Late last week, the story suddenly broke that Epic1 had gone into liquidation. As one of the best-known names of the early craft beer scene in New Zealand, and likely the “gateway beer” for a sizeable chunk of the subculture, the news was received with shock and sadness, labelled a tragedy, and many wondered what it foretold for the wider industry as they praised the legacy of founder Luke Nicholas. But a lot of the reaction has mistaken historical influence for current relevance or viability,2 and overlooked some real problems that should have been more obvious to all concerned.
Melbourne’s Own Consistently Excellent Beer, the billboard read, provided you walked back and forward a bit or at least leaned side to side, since it’d been stuck up on a surface that was too tightly curved. I’d seen variations on that poster campaign before, but now it made me mad; they’ve gone from the usual advertising puffery into raw uncut nonsense and lies. Fixation hasn’t been either for years.
CORRECTION — the original version of this post incorrectly said that ‘Chance, Luck & Magic’ was the overall Champion Beer for the second year running. It wasn’t; Burkes Brewing ‘Unforgiven’ Porter won in 2021. Thanks to Michael Donaldson for noticing and letting me know. The data here is unaffected, but some of my commentary was thereby off.
After this year’s Brewers’ Guild of New Zealand Awards — the BGONZAs, to their friends — the headline result was unusually clear: Garage Project1 just absolutely smashed it. Their ‘Chance, Luck & Magic’ took out the Best In Show award, prompting me to buy a $49 bottle of beer (which was suitably delicious, I should note), and they won the Champion Large Brewery title (for the second year running, no less) in spectacularly unambiguous fashion, since at least two other breweries would need to merge and pool their winnings to come close to G.P.’s medal haul.2 After that, it might seem superfluous to dig in the weeds of the data for other stories lurking in the details, but I have my traditions, and I am undeterred — and I think there’s still some things worthy of a little more attention.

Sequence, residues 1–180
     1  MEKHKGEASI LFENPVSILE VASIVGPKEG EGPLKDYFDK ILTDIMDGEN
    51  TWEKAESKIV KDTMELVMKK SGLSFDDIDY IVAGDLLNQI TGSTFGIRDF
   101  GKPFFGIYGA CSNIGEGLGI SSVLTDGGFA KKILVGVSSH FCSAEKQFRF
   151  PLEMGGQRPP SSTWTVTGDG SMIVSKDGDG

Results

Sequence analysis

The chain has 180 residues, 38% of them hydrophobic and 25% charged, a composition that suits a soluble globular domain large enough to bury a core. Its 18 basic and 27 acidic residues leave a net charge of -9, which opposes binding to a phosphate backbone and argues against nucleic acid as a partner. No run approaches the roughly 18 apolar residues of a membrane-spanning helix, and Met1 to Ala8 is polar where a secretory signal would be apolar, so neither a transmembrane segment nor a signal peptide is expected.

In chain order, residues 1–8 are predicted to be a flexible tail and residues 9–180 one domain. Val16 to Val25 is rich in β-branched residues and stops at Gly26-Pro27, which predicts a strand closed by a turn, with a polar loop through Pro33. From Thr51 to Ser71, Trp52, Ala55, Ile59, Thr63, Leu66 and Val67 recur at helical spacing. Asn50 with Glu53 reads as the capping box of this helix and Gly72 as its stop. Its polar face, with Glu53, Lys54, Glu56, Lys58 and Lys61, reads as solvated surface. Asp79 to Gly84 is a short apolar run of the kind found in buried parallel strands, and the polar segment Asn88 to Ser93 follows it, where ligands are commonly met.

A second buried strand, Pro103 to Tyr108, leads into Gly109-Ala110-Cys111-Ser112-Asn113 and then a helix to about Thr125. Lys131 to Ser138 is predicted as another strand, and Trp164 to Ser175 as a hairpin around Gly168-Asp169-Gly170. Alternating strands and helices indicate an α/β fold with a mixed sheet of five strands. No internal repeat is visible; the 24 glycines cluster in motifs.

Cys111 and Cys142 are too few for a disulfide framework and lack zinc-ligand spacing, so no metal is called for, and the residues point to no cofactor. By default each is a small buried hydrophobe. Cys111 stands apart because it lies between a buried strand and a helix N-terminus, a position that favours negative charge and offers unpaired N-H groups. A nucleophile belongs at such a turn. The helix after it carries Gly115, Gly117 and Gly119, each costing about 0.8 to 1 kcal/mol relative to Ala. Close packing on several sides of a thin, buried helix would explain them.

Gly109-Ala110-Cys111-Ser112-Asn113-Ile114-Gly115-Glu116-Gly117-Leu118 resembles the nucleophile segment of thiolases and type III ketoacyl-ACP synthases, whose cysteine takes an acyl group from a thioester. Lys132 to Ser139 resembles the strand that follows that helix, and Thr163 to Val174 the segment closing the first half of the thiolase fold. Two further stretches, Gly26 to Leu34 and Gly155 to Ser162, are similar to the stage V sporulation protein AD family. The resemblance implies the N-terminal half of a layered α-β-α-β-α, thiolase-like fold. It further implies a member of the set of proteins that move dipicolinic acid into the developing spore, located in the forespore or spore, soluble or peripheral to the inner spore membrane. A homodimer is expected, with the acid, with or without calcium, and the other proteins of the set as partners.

It’s beer awards night back home in New Zealand. I’ll be tuning in as best I can from over here in Melbourne1 and doubtless obsessing over various weird little details and patterns once I’ve got the full results. As I’ve tried to make the case here before,2 I think there are a few interesting stories lurking underneath the headline results that get most of the attention on the night, and you can only really find them by crunching some numbers. So let’s quickly do that for the awards that have happened since I got distracted by a) moving and b) a pandemic, so we’re all caught up and ready for more — since, as of tomorrow, I’ll have five years worth of data to play with, which feels like it’ll be a good time to go looking for trendlines…3
I want to know how many breweries there are in New Zealand. And I honestly think it’s strange that it’s a hard thing to find out. Even the smallest of them is visible from hundreds of metres away, and they are usually literally bolted to the ground. This shouldn’t be difficult; we’re counting Kererū the brewery, not Kererū the bird. And yet every total I’ve seen hit the news for years has seemed way off ― so I decided to do my own survey, and my best estimate is that there are currently